In This Article
- The first double-blind, placebo-controlled clinical trial of the drug remdesivir in treating COVID-19 has produced early positive results
- The ACTT trial showed improved recovery time and mortality rates in patients with advanced COVID-19 symptoms compared to placebo groups
- Further analysis is needed to uncover optimal treatment timing in patients across a wide spectrum of illness
The National Institute of Allergy and Infectious Diseases (NIAID) reported on April 29, 2020, that a double-blind, placebo-controlled clinical trial testing the antiviral drug remdesivir for treatment in COVID-19 has preliminarily produced positive results. These data, based on the results from 460 of the 1,063 participants enrolled in the study, indicate that patients with advanced COVID-19 symptoms recovered 31% faster under remdesivir treatment than with placebo. The median time to recovery was 11 days for patients in the treatment group, compared to 15 days for the control group. The mortality rate was also lower in the treatment group—8% compared to 11.6% under placebo.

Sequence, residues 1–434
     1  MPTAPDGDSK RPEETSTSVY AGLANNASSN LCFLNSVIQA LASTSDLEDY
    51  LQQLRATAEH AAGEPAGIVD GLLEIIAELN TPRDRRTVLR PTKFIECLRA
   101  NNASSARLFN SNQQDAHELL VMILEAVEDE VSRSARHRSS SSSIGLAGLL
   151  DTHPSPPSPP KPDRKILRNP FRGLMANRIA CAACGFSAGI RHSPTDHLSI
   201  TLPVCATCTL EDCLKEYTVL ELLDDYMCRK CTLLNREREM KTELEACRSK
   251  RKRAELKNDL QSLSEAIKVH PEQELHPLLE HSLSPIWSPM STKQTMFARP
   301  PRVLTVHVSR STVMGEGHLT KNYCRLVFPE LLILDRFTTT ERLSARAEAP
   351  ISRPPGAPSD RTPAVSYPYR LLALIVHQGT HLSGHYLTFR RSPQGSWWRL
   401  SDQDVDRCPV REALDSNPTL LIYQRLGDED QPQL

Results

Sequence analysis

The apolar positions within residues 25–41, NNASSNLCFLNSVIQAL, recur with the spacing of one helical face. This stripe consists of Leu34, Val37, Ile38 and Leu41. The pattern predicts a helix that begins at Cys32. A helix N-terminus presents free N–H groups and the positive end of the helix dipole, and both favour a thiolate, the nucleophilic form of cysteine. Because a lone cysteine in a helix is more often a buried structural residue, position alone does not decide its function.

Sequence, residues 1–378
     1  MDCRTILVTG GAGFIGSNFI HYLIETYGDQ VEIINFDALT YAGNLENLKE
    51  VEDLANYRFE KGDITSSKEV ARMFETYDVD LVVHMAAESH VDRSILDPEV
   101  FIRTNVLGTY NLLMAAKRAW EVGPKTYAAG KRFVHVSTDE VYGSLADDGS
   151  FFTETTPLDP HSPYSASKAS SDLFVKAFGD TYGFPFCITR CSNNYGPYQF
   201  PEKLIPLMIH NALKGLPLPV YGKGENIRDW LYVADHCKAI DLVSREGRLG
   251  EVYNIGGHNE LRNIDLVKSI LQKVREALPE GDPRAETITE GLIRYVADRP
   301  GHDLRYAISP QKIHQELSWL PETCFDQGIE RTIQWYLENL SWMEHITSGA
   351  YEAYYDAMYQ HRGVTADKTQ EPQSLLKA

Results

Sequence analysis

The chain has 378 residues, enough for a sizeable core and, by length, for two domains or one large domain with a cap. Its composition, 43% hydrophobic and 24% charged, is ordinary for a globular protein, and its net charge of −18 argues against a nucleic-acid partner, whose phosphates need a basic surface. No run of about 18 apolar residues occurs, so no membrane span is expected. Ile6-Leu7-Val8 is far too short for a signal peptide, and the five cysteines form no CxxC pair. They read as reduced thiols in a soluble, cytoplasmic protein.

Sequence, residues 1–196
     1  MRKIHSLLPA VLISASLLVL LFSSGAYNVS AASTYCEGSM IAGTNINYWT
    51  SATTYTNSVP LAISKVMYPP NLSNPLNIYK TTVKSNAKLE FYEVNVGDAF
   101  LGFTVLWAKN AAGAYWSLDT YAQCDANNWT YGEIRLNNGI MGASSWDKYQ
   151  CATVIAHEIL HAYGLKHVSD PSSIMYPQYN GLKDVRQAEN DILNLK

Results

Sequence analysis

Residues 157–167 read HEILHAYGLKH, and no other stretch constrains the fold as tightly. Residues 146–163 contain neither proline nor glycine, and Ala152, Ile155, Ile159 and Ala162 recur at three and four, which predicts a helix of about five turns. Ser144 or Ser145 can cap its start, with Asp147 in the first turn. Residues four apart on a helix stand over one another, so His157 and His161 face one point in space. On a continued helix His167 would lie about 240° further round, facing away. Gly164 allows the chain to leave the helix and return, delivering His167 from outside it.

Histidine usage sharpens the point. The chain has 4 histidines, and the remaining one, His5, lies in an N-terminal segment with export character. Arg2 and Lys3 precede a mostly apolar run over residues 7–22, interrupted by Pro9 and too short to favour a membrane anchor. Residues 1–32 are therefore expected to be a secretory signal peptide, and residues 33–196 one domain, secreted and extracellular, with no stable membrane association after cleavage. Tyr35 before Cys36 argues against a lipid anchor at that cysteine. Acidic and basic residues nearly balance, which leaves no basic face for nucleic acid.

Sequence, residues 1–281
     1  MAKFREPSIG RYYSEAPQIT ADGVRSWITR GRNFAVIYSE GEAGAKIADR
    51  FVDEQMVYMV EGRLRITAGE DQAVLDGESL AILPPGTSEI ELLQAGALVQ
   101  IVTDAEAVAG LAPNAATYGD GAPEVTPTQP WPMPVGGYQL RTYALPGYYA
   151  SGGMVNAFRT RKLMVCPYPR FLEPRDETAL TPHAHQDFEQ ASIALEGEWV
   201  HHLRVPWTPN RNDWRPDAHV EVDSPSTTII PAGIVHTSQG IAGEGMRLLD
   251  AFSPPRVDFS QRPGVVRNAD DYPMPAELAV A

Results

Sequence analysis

Elizabeth Hohmann, MD, an infectious disease specialist and principal investigator of the Adaptive COVID-19 Treatment Trial (ACTT) at Mass General, commented that she is cautiously optimistic that the results will look even better with more patient data analyzed.
The study included patients along a wide spectrum of illness—some were intubated in the ICU, while others hospitalized and receiving supplemental oxygen.
Dr. Hohmann hopes that a deeper analysis of these patient subgroups can provide a better understanding of the optimal timing of treatment. Dr. Hohmann wants to know for those people who are sick enough to be in the hospital but only being treated with supplemental oxygen, can their disease trajectory be changed?
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